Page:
It’s 20 years to the day since Dennis Bergkamp signed for Arsenal for what was then a British record of £7.5m – though, as it was widely accepted that Stan Collymore would soon be joining Liverpool for a million more, Bergkamp was never really hailed as the record-holder.
He would, of course, go on to become one of the most successful foreign imports into the Premier League and is regarded as an Arsenal legend. At the time, though, we recall feeling a little miffed that the new signing had been allocated the number 10 shirt, meaning that Paul Merson had to switch to 9, recently vacated by the retired Alan Smith. Edit – Bjorn Barang (aka @squadnumberfan) informs us that Smith had initially been relegated to 19 before he was forced to retire due to injury. His departure meant that John Jensen moved from 30 to 19, having been switched from 17 when it looked like he was leaving.
It’s the first high-profile example that we can recall of a new signing requesting the number of an incumbent and getting his way. Perhaps not coincidentally, the others which stand out from the 1990s involve the number 10 shirt too: at Middlesbrough, Juninho took 25 when he came in 1995-96 but took 10 from John Hendrie at the start of the following campaign, while Teddy Sheringham’s arrival at Manchester United in 1997 meant David Beckham inheriting a legend.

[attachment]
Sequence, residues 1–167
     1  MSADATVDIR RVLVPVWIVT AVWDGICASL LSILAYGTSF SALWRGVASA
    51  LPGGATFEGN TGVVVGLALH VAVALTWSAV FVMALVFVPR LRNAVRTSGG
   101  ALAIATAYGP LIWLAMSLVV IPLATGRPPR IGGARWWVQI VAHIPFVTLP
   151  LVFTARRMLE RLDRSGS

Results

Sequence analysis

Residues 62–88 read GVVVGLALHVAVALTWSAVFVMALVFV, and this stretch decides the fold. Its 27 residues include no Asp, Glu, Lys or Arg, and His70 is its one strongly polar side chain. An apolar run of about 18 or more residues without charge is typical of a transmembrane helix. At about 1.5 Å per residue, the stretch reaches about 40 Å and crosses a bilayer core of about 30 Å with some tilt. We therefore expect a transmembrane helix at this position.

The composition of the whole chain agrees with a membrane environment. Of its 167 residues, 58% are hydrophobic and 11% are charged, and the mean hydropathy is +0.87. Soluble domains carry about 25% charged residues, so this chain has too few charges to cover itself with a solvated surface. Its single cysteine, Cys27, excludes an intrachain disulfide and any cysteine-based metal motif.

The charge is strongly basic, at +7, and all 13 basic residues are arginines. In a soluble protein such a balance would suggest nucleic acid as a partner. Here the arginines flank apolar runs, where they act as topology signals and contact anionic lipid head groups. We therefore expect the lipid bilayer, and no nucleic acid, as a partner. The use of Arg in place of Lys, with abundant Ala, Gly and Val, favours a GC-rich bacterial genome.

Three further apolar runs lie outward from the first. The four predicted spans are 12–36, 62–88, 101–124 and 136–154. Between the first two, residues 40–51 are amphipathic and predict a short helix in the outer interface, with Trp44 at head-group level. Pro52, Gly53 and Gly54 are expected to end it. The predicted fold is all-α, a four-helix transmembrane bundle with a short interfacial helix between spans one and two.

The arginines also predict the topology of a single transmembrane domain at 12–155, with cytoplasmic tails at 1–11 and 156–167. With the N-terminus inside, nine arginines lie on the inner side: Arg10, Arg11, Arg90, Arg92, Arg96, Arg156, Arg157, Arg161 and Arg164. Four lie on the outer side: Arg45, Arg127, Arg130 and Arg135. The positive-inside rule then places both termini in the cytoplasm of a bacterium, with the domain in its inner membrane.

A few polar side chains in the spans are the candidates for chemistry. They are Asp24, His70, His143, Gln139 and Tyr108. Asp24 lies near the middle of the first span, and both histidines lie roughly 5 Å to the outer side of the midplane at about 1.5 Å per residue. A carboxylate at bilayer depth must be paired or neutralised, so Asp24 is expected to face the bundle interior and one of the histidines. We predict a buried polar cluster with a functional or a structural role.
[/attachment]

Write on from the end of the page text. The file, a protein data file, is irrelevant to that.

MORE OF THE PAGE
In the summer of 1996, West Ham United pulled off a coup in signing Portuguese forward Paulo Futre, but committed an oversight with regard to his shirt number. In his autobiography, Harry Redknapp recounted the scene in the away dressing room at Highbury before the opening game of the season away to Arsenal.
Eddie Gillam, our trainer, had given him the No 16 shirt and got it thrown back in his face. Next thing, Paulo was in my face, too. ‘Futre 10, not 16,’ he said. ‘Eusebio 10, Maradona 10, Pele 10; Futre 10, not f***ing 16.’
By this point, there were 45 minutes to kick-off. ‘It’s changed now, Paulo,’ I explained, as gently as I could. ‘We’ve got squad numbers and your number is 16. We didn’t choose that number. When you came, all the numbers were gone, so the kit man gave you No 16.’ ‘No 10,’ he insisted. ‘Futre 10. No 10. Milan, Atletico Madrid, Porto, Benfica, Sporting — Futre 10.’
Now it was getting desperate. I tried to be firm. ‘Paulo, put your shirt on, get changed, please, we have a big game. If you don’t want to wear it, Paulo, off you go,’ I said. And he did…
A solution was eventually found, according to Harry’s recollections.
At first we tried to tell him that we had sold so many replicas with ‘Futre 16’ on the back that it would be impossible to change, but he called our bluff.
‘How many?’ he asked. ‘I will pay £100,000.’ And that was when I knew this was an argument we could not win. Futre was willing to spend £100,000 just to be No 10.
In the end, he got it a lot cheaper. John Moncur, the No 10, agreed to swap, and Paulo let him have two weeks in his villa in the Algarve, which is about the best one there, on the cliffs overlooking the best golf course.